East and West Belong to God
H. Ahmad Syafi’i Ma’arif received his first Fulbright scholarship in 1972 to study history at Ohio University. Unfortunately, in the third semester of his master’s program, he was forced to return home because of the illness and subsequent death of his son. In 1976, at the age of 42, he returned to Athens, Ohio, to finish his master’s in history.
“Oh, it was very hard. I was only allowed to bring my wife and children if I received straight As. For someone as old as I was, it was torture; I was helter-skelter,” he recalled. He remembers scoring less than 500 on his TOEFL test. However, with a strong effort, he was able to improve his English and succeed.
This “country boy,” born in 1935 in Sumpurkudus, West Sumatra, received another scholarship for a doctoral program at the University of Chicago in 1993. Upon his return to Indonesia, his alma mater, the Yogyakarta Institute of Teacher Training and Education (IKIP), appointed him as a professor in 1996. In the ensuing years he was often called by the nickname “Buya Syafi’i and was widely regarded as a sincere and humble lecturer.
“Fulbright offered me an opportunity to go to America. Living in the United States opened my eyes and my heart, and taught me to think freely,” he said.
While in Athens Syafi’i, a member of Muhammadiyah since 1955, felt his beliefs were still fundamentalist. “However, after much exploration and debate,” he said, “I found that some of the views I used to admire had to be revised.”
In his opinion, Islam is practiced more in the United States than in Muslim-majority countries like Indonesia, his homeland. “The principle of egalitarianism runs deep in the United States. Each person is respected as a dignified individual. Americans like those with self-esteem.”
A cycling enthusiast, he used to ride his bicycle around the village almost every day, and, as a child of the Minangkabau, he also likes to cook. Lamb satay and soup are his favorite meals. In the United States he enjoyed cooking as well as washing the dishes afterwards.
When he was invited to give a briefing to President Bush in 2003 after the bombings of the World Trade Center in New York and at the Paddy Café in Kuta, Bali, he said. “When I met him, I argued with him, but he was happy to debate. The chat was initially scheduled for only 25 minutes, but it went on for 55 minutes. President Bush liked it that we dared to argue with him. I told him, America has everything; lots of money, nuclear bombs, fighter jets, aircraft carriers, all sorts of things. But unfortunately, America does not yet have global wisdom.”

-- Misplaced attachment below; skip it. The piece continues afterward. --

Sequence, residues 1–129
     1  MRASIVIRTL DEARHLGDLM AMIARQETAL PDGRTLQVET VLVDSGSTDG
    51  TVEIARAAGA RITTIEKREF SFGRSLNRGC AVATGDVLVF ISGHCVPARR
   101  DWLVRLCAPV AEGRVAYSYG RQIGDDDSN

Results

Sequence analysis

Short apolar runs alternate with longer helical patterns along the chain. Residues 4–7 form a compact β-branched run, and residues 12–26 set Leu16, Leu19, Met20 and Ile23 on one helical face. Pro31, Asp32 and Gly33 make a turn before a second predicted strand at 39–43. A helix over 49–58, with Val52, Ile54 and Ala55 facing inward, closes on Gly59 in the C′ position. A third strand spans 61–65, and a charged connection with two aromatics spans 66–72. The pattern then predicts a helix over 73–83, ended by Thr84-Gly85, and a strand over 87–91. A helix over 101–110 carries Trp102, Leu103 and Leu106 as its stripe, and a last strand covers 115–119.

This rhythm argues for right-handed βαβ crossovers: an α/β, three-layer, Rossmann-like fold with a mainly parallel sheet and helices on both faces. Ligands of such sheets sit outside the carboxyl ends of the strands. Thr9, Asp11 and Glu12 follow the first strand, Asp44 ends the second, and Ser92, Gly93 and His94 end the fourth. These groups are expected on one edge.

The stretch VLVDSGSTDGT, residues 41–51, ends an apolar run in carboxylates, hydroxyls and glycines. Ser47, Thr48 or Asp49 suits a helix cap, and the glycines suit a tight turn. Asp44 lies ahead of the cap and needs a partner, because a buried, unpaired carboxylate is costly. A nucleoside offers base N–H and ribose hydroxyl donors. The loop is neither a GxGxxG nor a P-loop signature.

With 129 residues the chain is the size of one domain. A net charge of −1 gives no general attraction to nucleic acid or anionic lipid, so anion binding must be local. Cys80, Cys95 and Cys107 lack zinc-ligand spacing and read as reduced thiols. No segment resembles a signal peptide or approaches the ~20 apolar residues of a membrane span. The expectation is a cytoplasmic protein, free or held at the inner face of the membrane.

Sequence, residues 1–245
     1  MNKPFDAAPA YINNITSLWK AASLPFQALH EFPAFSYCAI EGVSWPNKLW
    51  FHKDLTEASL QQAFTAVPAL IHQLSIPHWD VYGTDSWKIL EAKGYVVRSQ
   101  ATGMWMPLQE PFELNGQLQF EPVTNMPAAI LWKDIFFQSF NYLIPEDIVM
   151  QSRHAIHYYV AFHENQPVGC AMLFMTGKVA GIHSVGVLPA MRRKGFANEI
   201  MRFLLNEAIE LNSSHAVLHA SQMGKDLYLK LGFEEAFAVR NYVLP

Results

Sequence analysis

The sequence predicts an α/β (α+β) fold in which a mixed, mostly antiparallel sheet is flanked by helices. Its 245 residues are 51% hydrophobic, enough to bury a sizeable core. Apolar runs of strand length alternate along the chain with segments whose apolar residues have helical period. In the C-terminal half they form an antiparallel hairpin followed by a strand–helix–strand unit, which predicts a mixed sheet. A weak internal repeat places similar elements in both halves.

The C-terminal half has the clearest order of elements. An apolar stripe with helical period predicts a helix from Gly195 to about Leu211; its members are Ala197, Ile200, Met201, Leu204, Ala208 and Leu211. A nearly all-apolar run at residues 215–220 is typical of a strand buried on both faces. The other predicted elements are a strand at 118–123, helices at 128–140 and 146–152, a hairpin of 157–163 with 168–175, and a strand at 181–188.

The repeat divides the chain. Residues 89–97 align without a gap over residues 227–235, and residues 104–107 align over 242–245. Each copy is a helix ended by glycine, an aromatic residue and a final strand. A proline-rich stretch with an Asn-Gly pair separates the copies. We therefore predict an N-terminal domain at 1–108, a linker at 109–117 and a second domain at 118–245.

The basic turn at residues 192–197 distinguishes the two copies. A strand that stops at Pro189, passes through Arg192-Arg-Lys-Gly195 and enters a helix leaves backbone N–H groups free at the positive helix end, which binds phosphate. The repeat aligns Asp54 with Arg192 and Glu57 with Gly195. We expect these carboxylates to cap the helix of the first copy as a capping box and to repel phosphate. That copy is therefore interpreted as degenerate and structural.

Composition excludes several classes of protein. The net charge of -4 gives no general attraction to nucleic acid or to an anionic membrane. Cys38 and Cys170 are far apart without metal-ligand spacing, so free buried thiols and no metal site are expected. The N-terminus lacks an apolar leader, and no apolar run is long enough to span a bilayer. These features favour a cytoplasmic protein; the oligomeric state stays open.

And what is “global wisdom”? “It is the understanding and application of a principle of carefulness, an understanding that every nation has its own culture that must be taken into consideration,” he said. “Also, that Islam cannot be considered monolithic, where everyone is equally a terrorist,” he explained.
He thinks Fulbright can play a role by making it possible for more American intellectuals to come to Indonesia to learn about global understanding. At the same time, Fulbright can also help Indonesians to interact more with each other and understand their own diversity. Buya Syafi’i is of the opinion that while Indonesians are in America, their hearts are open to understanding the richness and beauty of their own backyard.
“Indonesia is a beautiful country. If Indonesians also have beautiful minds, they will be able to make greater contributions to the world. Scholarly exchange programs help Indonesians to become more civic-minded and more beautiful. The same is true for the American scholars who come here to study.”
“East and West belong to God. Islam teaches us to learn from everywhere,” said the winner of the Magsaysay Prize and the Habibie Award. Buya Syafi’i is respected for his sincerity in promoting harmony among nations and religions. He is grateful to have had the opportunity to go overseas for the first time to America.
This article appears from the book of Across the Archipelago, from Sea to Shining Sea Commemorating the 60/20 Anniversary of Fulbright and AMINEF (Page 78 – 80) published in 2012.
Translator: Sagita Adesywi and Piet Hendrardjo
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